MCC photo/Mulanda Juma

Merveille Cilanda, 4, feeds her sister Rose Muadi, 1, as Naomie Mbuyi, 4, eats beans distributed by Communauté Evangélique Mennonite, an MCC partner in the Democratic Republic of the Congo. The girls and their parents were displaced from their home in the Kasai region by violence between  government and armed groups.  

Children who ran away from violence in their villages in the Kasai region of the Democratic Republic of the Congo (DR Congo) tell heartbreaking stories, like this one: 

All the family of Kapinga Ntumba, 12, were killed or died.MCC photo/Mulanda Juma

“My name is Kapinga Ntumba. (She is a 12-year-old girl). I am from Kamonya village in Kasai Province. I am displaced since April 2017. I am alone.

“Armed men entered our house and killed my father. My mother was killed by the soldiers when she was trying to come out of the house with some items. I came to Tshikapa with one of my sisters and she passed away. The rest of my family was killed.

“I am taken care of by a lady whose name is Mary. We are living in a church down there in Tshikapa. We eat bedia (a thick porridge made of cassava or maize). I was at school before I left. I need to go to school.”

Mennonite churches respond with school supplies

Mennonite church leaders in DR Congo heard many stories like this and asked other Anabaptists around the world, including MCC, for help to meet these needs. In late March and early April, the children pictured below and children in Tshikapa and Kikwit, received school supplies and their school fees were paid.


Communauté Evangélique Mennonite distributed school supplies to these students in Kabwela. Similar distributions were carried out in Kikwit and Tshikapa where Kapinga is staying.MCC photo/Mulanda Juma

The fighting, which began in August 2016 when local militia group Kamuina Nsapu and national security forces clashed, incited ongoing battles in the Kasai region. As a result, 1.4 million people have been displaced from their homes, including 5,000 Mennonites. Here's another story that is echoed by many:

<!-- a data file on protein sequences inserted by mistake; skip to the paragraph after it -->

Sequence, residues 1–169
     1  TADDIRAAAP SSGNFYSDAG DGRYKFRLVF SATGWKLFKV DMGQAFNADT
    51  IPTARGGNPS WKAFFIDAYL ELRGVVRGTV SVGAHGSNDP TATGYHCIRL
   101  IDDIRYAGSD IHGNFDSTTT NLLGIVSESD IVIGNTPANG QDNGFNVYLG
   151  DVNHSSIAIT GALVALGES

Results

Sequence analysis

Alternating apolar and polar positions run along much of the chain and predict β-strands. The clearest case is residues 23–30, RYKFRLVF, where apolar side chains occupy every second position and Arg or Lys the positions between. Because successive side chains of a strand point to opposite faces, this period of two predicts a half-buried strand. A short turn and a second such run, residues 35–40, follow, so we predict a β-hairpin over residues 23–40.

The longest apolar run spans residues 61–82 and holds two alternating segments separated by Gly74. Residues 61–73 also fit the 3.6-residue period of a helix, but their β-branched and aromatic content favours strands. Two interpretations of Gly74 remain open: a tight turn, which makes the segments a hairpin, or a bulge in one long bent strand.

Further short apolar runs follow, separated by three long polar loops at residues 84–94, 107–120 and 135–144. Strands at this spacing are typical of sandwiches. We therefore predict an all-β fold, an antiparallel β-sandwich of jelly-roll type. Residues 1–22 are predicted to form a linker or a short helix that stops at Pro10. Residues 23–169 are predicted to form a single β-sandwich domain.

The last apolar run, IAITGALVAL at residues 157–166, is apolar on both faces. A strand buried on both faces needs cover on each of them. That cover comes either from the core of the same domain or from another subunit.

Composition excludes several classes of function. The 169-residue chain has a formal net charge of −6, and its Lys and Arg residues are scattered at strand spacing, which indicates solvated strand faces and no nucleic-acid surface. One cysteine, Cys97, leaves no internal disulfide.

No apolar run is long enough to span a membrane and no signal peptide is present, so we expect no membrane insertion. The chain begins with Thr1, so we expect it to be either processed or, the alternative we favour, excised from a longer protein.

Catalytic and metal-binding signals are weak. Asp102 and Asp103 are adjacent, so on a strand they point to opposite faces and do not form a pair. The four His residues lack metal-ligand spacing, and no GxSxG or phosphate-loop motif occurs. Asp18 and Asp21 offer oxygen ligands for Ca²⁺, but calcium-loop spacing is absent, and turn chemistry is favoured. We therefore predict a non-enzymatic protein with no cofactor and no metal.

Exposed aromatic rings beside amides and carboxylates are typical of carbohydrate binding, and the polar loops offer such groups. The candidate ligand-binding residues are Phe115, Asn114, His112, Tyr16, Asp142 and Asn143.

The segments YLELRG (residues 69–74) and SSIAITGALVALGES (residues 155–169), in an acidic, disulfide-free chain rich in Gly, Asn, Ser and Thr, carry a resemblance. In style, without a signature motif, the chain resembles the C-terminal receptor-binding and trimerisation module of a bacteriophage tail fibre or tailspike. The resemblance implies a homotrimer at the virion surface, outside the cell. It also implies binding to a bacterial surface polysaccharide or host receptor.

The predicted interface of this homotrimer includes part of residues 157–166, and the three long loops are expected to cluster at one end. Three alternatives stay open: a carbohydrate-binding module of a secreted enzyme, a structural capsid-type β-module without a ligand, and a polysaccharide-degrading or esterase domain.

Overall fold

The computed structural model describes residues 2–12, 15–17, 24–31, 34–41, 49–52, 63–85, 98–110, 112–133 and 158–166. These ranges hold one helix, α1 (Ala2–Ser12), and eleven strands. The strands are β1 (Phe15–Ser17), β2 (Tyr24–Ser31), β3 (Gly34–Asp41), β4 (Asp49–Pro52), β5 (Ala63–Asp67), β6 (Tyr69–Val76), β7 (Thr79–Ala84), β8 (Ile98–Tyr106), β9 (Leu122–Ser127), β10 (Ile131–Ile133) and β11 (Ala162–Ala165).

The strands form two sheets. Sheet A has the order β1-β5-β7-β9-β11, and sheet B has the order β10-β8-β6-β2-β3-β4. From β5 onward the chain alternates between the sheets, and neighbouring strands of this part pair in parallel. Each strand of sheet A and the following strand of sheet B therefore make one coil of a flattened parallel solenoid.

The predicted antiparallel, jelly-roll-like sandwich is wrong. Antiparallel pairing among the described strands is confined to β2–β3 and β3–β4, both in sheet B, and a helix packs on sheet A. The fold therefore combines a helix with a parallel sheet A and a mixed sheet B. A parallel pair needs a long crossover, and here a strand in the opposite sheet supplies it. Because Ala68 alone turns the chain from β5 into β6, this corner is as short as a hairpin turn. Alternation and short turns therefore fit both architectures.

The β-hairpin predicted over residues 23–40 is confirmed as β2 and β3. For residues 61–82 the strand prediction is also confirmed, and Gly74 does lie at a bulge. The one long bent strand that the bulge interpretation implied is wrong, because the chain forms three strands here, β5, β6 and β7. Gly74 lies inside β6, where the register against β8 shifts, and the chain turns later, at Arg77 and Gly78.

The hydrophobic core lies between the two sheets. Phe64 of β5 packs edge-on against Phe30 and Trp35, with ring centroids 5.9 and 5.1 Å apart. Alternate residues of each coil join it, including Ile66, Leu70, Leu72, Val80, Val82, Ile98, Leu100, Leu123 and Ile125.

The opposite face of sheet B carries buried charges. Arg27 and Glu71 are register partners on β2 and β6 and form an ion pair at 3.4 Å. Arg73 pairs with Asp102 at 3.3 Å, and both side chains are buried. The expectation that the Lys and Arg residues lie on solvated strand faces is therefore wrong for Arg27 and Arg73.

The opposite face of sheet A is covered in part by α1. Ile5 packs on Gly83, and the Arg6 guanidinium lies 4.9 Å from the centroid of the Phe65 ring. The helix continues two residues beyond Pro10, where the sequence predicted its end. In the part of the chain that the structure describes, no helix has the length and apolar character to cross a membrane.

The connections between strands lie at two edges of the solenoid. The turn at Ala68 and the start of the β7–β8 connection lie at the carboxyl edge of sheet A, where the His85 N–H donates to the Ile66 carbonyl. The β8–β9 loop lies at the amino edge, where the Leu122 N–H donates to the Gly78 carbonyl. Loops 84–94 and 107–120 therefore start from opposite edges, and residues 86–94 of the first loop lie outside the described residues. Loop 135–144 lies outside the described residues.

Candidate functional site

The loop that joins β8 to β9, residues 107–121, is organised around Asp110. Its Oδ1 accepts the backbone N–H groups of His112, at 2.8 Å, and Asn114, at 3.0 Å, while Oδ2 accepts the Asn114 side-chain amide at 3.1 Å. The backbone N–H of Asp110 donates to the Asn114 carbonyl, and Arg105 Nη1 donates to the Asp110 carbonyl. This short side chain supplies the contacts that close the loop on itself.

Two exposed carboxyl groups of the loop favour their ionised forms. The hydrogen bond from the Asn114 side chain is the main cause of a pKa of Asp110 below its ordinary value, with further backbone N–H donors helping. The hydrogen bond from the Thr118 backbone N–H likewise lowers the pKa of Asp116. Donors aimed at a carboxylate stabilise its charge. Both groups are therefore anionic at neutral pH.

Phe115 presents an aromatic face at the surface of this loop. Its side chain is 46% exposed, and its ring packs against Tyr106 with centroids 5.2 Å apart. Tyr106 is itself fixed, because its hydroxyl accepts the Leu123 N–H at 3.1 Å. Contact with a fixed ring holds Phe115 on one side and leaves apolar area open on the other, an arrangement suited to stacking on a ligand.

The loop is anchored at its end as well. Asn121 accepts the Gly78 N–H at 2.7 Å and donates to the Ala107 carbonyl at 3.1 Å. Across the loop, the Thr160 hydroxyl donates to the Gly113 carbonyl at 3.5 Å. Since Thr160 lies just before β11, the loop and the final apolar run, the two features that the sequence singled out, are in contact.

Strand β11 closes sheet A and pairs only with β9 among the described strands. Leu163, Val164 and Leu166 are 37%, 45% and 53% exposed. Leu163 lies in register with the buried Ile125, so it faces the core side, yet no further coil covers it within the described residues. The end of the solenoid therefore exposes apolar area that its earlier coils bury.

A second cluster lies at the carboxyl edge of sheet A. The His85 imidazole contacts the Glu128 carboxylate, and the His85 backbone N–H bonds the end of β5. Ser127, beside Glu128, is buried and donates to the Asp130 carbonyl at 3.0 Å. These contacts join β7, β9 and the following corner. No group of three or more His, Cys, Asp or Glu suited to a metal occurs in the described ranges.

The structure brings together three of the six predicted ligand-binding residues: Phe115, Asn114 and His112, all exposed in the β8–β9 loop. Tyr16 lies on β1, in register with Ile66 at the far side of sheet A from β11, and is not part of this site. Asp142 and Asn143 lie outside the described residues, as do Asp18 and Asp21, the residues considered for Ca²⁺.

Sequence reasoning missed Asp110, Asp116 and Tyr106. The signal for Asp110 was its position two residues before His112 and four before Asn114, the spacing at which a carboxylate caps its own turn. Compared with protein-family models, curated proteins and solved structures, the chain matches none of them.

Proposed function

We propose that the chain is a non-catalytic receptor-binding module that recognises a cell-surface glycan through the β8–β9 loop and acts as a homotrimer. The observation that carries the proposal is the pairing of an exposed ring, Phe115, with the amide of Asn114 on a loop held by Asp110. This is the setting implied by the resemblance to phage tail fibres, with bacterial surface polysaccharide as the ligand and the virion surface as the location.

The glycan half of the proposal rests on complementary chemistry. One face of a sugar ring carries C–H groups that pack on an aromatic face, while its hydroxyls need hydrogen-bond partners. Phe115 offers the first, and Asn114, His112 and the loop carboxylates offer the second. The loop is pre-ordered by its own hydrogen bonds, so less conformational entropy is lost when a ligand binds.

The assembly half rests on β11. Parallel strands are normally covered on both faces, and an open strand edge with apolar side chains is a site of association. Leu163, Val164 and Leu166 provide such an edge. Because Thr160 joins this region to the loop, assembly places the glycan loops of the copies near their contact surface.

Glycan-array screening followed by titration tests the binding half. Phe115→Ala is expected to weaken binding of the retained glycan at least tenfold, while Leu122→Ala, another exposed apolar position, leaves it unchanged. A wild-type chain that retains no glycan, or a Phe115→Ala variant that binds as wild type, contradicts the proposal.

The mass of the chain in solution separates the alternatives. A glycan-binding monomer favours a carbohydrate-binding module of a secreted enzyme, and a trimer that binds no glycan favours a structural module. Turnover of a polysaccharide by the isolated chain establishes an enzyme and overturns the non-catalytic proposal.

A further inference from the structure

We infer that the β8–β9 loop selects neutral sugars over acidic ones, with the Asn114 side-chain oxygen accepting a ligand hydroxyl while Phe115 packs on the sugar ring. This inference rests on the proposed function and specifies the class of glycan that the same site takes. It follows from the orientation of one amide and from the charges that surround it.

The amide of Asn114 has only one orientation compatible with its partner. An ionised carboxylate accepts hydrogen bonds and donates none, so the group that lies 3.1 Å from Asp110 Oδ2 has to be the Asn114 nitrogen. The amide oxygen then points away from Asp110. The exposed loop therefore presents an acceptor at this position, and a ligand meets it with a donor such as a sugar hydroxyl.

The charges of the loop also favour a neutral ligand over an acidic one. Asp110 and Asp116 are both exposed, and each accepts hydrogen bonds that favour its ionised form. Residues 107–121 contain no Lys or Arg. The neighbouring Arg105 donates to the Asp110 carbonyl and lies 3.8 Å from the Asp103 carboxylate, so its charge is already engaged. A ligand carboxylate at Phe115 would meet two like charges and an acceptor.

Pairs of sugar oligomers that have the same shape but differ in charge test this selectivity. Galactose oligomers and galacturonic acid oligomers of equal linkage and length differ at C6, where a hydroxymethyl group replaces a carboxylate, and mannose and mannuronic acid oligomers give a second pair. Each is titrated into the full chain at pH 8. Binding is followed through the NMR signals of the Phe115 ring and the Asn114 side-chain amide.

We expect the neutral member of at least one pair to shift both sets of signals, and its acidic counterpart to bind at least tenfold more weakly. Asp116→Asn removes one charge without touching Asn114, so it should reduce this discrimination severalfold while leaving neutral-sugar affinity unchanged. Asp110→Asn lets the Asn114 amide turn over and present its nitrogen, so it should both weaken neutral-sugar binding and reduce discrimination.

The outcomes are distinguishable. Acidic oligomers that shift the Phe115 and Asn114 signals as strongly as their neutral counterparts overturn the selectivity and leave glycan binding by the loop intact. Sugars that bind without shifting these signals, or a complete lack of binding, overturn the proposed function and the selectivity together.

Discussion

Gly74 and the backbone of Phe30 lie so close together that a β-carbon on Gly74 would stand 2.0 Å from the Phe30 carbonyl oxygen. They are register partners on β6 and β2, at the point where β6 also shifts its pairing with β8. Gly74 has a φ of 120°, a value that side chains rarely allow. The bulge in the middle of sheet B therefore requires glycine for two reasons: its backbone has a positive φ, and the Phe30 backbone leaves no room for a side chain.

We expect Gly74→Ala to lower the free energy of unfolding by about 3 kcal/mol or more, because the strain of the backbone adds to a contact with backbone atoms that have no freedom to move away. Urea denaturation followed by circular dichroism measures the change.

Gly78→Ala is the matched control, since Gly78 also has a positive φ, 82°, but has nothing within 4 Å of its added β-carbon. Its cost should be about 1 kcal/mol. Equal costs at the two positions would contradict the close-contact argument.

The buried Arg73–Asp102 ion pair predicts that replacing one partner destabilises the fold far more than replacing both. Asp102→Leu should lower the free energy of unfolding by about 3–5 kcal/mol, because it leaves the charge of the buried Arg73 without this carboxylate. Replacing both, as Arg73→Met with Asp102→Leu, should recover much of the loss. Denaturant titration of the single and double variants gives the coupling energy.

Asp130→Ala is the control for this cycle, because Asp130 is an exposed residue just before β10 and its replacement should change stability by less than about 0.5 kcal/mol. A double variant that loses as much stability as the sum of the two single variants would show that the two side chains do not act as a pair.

While Kapinga Abeti's village was attacked, she was separated from her husband and three of her children.MCC photo/Mulanda Juma

“My name is Kapinga Abeti. I am from Kamonya village. Last summer, a militia group attacked our village. My family was separated during that violence. My husband and three children went in a different direction than I did with our other children. I arrived here in Tshikapa in September 2017. After that, one of my children died. She was a girl, age 13. Here, we are seven people, me and six children. Their health is not good.

“The clothes we wear are given by church members. Sometimes finding drinking water is difficult. We get water from the river because we have no money to buy clean water, but that water is very dirty. We eat cooked cassava and potato leaves, potatoes and we eat bedia (a thick porridge made of cassava or maize). We eat once a day. We eat when we ask someone to give us food. Sometimes we go to bed without eating.

“We are currently sleeping under mosquito nets, but on the floor. We don’t have a good place. When it rains, we are wet. Children need to be fed. They need clothes and to go to school.

Mennonite churches provide food

So Mennonites in DR Congo responded with a distribution of food in November and again in March and April. More than 800 households received a three-month supply of food packages of flour, beans, oil and salt this spring.

Mamie Mbuyi holds her baby, Rose Muadi, as she and her husband, Jacques Katayi, and their other children, Naomie Mbuyi and Merveille Cilanda, eat beans that they just received from a food distribution earlier in the morning. The family has been staying in Kabwela after being displaced from their home by violence in Kasai.

After the distribution, families, like the one pictured, tended to cook the beans first because it had been so long since they had eaten them, said Mulanda Juma, the MCC representative in DR Congo. Their primary meal has been bedia, a thick porridge made of maize flour.

Congolese Mennonite churches were able to carry out these distributions because people gave money to numerous Anabaptist organizations around the world that supported the food purchases. Canadian Foodgrains Bank was a significant supporter of the spring distribution.


How can you help MCC serve displaced people in DR Congo?

Learn: Look at the links below to learn more about the situation. Also visit Canadian Mennonite to see a 2017 article about the crisis.

Pray: When you pray for someone, your heart follows.

Give: Support our relief projects in DR Congo. 

Tell: Share this video on social media.


Organizations supporting these distributions that MCC helps to coordinate include Africa Inter-Mennonite Mission; Caisse de Secours, the development arm of the French Mennonite Church; International Community of Mennonite Brethren; MB Mission; Mennonite Church Canada Witness; Mennonite Mission Network; Mennonite World Conference; and Swiss Mennonite Conference.




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